The role of higher education professionals

How can we, as higher education professionals, help students recognise and articulate the skills and competences they have acquired while studying or working abroad?

Firstly, information on the new understanding of international competences should be included in any orientation or preparation programme prior to the stay abroad. Training students in advance will help make them aware of the skills they are likely to acquire through their future experience. Being prepared will, in turn, allow them to learn even more.

Secondly, in re-entry programmes and in career counselling, students should be trained to put their newly gained international competences into words. It is not enough to say “I was an Erasmus student in France”, but rather to reflect on what was learned during that time, emphasizing aspects that made them into curious, resilient and productive future employees.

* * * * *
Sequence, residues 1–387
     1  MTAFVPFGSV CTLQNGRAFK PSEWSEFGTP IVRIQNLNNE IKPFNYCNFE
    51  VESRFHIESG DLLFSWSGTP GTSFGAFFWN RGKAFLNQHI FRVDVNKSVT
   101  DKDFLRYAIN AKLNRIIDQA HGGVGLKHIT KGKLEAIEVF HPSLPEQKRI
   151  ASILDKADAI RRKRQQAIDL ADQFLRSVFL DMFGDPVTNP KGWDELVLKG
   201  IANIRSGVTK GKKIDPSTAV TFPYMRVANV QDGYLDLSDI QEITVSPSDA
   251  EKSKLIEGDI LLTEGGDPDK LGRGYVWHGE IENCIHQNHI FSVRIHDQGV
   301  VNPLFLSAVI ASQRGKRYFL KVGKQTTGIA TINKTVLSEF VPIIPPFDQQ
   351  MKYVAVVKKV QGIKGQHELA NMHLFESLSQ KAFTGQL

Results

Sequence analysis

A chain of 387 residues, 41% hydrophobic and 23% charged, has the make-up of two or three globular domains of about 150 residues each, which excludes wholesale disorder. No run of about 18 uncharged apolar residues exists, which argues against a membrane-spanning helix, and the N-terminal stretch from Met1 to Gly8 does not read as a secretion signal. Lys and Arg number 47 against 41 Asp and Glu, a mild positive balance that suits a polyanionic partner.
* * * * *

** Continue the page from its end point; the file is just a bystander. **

The extended picture of international competences shows a clear connection between international experience and employability. The latter should make it easier to promote international mobility programmes to new generations of higher education students, encouraging them to seize the opportunity of studying abroad.

The ‘Hidden Competences’ study, as well as some additional material, can be found on the CIMO website.

Anni Kallio is Programme Manager at the Center for International Mobility (CIMO), the Finnish National Agency for the Erasmus+ programme.

The spring issue of the EAIE member magazine Forum  explores equity in access to international higher education. If you are an EAIE member, you can download a digital copy from the EAIE Member Centre and your very own hard copy of Forum will be arriving shortly. Non-EAIE members can sign up now for a 2015 membership and get access to past copies of Forum magazine online, as well as other EAIE publications.